- Associated Press - Tuesday, December 15, 2015

WASHINGTON (AP) - District of Columbia officials publicly released footage from a police body camera Tuesday and asked for the public’s help in learning more about the death of a special education teacher taken into custody by security guards at a Washington apartment building.

They said it’s the first time the city has made such a release since it began putting body cameras on police.

The approximately 9-minute-long video mostly shows the responding police officers performing chest compressions and trying to revive 27-year-old Alonzo Smith, whose Nov. 1 death has been ruled a homicide. City officials have previously said that by the time officers arrived, Smith had been handcuffed by private security guards and was not breathing. The medical examiner has ruled that the cause of Smith’s death was a heart attack complicated by “acute cocaine toxicity” and compression of his torso.

D.C. Mayor Muriel Bowser said during a press conference Tuesday afternoon that the video does not explain what happened in the case.

“The body worn camera gives us a snapshot, a look. It does not explain, certainly, the whole story in this case. This video picks up after Mr. Smith has been detained and restrained. The video does not show how Mr. Smith died nor does it confirm whether or not the use of force was justified or reasonable,” said Bowser, who called for anyone who witnessed the incident to come forward.



The city began testing police-worn body cameras earlier this year, and the mayor said that 2,800 officers will soon be equipped with the technology. That covers officers that make the first contact with the public, said Police Chief Cathy Lanier, who said the rollout should be finished by the end of 2016.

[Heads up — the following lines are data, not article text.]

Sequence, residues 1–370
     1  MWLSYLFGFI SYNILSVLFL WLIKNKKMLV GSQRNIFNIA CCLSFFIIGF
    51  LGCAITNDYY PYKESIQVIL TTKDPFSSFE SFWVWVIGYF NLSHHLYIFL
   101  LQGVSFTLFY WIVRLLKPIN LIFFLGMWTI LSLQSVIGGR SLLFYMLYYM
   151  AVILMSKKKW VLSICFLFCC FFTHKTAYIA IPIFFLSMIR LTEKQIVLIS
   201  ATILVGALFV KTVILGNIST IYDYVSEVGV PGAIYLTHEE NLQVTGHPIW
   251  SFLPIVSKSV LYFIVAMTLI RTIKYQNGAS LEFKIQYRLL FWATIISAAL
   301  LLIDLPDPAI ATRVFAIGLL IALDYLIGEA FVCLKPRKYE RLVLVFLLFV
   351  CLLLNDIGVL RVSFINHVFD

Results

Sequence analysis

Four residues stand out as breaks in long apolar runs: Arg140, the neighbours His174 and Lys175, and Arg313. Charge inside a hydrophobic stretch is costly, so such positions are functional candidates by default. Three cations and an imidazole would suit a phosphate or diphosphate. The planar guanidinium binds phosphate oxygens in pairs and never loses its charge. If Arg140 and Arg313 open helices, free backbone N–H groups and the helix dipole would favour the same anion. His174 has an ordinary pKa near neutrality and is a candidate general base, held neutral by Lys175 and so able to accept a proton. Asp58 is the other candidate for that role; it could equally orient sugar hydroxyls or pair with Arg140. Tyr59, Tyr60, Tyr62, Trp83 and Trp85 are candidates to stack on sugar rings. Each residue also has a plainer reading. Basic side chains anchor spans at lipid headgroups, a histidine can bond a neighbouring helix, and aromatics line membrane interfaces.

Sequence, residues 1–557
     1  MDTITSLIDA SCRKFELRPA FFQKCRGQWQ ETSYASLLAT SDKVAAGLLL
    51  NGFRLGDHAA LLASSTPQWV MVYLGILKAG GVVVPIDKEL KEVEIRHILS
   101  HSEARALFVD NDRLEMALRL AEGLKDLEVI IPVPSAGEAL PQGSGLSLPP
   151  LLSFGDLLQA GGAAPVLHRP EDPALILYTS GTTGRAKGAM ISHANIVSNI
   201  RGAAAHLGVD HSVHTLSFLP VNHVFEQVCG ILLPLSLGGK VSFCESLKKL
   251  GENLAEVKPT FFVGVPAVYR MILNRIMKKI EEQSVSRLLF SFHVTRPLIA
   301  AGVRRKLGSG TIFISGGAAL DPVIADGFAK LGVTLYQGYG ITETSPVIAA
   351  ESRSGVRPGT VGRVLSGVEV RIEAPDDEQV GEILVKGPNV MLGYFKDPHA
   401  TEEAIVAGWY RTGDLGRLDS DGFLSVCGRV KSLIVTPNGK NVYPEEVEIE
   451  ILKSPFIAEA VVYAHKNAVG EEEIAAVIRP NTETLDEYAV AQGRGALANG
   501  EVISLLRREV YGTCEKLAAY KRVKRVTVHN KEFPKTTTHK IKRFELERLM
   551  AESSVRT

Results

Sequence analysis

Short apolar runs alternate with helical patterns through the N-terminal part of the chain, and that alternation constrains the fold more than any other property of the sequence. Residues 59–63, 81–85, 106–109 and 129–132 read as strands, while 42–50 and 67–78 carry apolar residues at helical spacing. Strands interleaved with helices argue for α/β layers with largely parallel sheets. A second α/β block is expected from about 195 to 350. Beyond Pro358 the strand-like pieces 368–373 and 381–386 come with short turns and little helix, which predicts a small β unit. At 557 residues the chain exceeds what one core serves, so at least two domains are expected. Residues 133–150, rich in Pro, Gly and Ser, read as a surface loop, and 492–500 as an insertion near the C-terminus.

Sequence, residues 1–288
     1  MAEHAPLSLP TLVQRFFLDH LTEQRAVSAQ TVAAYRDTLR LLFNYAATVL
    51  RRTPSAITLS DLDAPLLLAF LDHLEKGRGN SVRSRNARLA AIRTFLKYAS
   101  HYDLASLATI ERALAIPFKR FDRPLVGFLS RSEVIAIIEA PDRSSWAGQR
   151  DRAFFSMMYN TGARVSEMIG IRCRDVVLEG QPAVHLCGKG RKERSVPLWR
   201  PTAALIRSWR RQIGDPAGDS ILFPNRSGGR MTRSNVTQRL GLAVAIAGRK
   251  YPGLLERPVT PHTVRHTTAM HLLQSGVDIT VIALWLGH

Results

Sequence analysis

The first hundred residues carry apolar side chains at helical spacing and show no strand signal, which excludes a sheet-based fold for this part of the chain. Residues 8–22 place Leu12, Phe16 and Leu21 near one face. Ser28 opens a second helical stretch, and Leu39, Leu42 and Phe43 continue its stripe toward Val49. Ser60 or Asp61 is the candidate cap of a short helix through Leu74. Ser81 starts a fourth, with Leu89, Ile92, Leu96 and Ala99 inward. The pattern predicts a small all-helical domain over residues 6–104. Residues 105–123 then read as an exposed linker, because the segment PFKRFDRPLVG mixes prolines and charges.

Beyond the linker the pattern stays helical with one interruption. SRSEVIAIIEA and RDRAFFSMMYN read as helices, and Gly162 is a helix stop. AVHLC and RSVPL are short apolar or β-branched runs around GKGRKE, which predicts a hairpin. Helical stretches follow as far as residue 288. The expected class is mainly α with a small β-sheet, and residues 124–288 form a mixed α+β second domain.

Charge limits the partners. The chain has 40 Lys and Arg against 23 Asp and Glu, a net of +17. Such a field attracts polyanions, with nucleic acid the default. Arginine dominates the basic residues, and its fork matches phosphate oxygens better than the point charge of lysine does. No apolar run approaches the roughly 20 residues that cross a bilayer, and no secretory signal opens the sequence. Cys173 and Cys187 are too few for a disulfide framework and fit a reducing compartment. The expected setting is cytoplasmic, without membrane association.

Bowser decided to release the footage because she “determined that it is of significant public interest,” the city said in a written statement. Bowser later said that in future situations like this one, where a case is under review or being investigated, city officials would weigh the value of releasing video against other concerns and make a determination.

Lanier said that in this case, officers were called to the scene for a report of a person yelling around 4 a.m. and that when two officers arrived they were told that Smith, who was handcuffed, was believed to be high on PCP. In the video, Smith is shirtless and lying on the ground.

“Clearly there was a pretty good struggle … the security guard is winded, out of breath,” Lanier said.

One police officer goes and gets additional restraints to put on Smith, but those are quickly taken off as CPR is performed, she said.

The tape shows officers pumping Smith’s chest, and there are shouts of: “Come on, man!” ”Come on, buddy!” ”Come on, wake up!”

The footage released Tuesday does not include any identifying information, and Smith’s face as well as the faces of others are blocked by black dots.

City officials said they plan to release video from a second police officer’s body camera, but they noted that the footage largely shows the same angle on the scene, Lanier said.

An attorney for Smith’s mother, Karen Silver, said Tuesday evening that she had seen the footage but that it wasn’t particularly revealing because it showed officers arriving after the incident is already over.

“Basically he’s dead already,” Silver said.

Silver said there may be additional important footage from the scene. She said she was told a security camera from in front of the building was working, but she has not seen any footage from it.

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Follow Jessica Gresko on Twitter at twitter.com/jessicagresko. Her work can be found at https://bigstory.ap.org/content/jessica-gresko

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